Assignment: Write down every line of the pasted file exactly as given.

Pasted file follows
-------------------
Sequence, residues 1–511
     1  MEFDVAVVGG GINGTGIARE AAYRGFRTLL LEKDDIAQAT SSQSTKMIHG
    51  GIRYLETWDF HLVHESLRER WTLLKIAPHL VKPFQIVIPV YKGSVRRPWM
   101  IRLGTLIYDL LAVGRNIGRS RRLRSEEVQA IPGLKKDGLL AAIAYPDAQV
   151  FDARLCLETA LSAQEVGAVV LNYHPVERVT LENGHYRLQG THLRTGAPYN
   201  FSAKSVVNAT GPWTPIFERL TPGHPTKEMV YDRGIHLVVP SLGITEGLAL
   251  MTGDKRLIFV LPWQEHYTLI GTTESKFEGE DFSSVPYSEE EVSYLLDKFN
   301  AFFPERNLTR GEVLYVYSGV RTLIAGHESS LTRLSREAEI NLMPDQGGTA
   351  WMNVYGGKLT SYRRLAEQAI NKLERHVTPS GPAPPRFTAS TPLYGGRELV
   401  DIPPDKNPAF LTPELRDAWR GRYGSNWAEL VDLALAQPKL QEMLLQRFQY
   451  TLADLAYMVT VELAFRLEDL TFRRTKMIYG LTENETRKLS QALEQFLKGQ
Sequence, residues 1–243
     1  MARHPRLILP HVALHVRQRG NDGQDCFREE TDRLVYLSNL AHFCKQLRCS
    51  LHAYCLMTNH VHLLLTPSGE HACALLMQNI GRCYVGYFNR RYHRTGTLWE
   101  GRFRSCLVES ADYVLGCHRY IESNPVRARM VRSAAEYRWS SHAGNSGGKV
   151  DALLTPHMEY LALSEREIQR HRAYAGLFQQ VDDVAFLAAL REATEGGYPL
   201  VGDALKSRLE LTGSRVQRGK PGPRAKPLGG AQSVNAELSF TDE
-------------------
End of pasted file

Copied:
Sequence, residues 1–511
     1  MEFDVAVVGG GINGTGIARE AAYRGFRTLL LEKDDIAQAT SSQSTKMIHG
    51  GIRYLETWDF HLVHESLRER WTLLKIAPHL VKPFQIVIPV YKGSVRRPWM
   101  IRLGTLIYDL LAVGRNIGRS RRLRSEEVQA IPGLKKDGLL AAIAYPDAQV
   151  FDARLCLETA LSAQEVGAVV LNYHPVERVT LENGHYRLQG THLRTGAPYN
   201  FSAKSVVNAT GPWTPIFERL TPGHPTKEMV YDRGIHLVVP SLGITEGLAL
   251  MTGDKRLIFV LPWQEHYTLI GTTESKFEGE DFSSVPYSEE EVSYLLDKFN
   301  AFFPERNLTR GEVLYVYSGV RTLIAGHESS LTRLSREAEI NLMPDQGGTA
   351  WMNVYGGKLT SYRRLAEQAI NKLERHVTPS GPAPPRFTAS TPLYGGRELV
   401  DIPPDKNPAF LTPELRDAWR GRYGSNWAEL VDLALAQPKL QEMLLQRFQY
   451  TLADLAYMVT VELAFRLEDL TFRRTKMIYG LTENETRKLS QALEQFLKGQ
Sequence, residues 1–243
     1  MARHPRLILP HVALHVRQRG NDGQDCFREE TDRLVYLSNL AHFCKQLRCS
    51  LHAYCLMTNH VHLLLTPSGE HACALLMQNI GRCYVGYFNR RYHRTGTLWE
   101  GRFRSCLVES ADYVLGCHRY IESNPVRARM VRSAAEYRWS SHAGNSGGKV
   151  DALLTPHMEY LALSEREIQR HRAYAGLFQQ VDDVAFLAAL REATEGGYPL
   201  VGDALKSRLE LTGSRVQRGK PGPRAKPLGG AQSVNAELSF TDE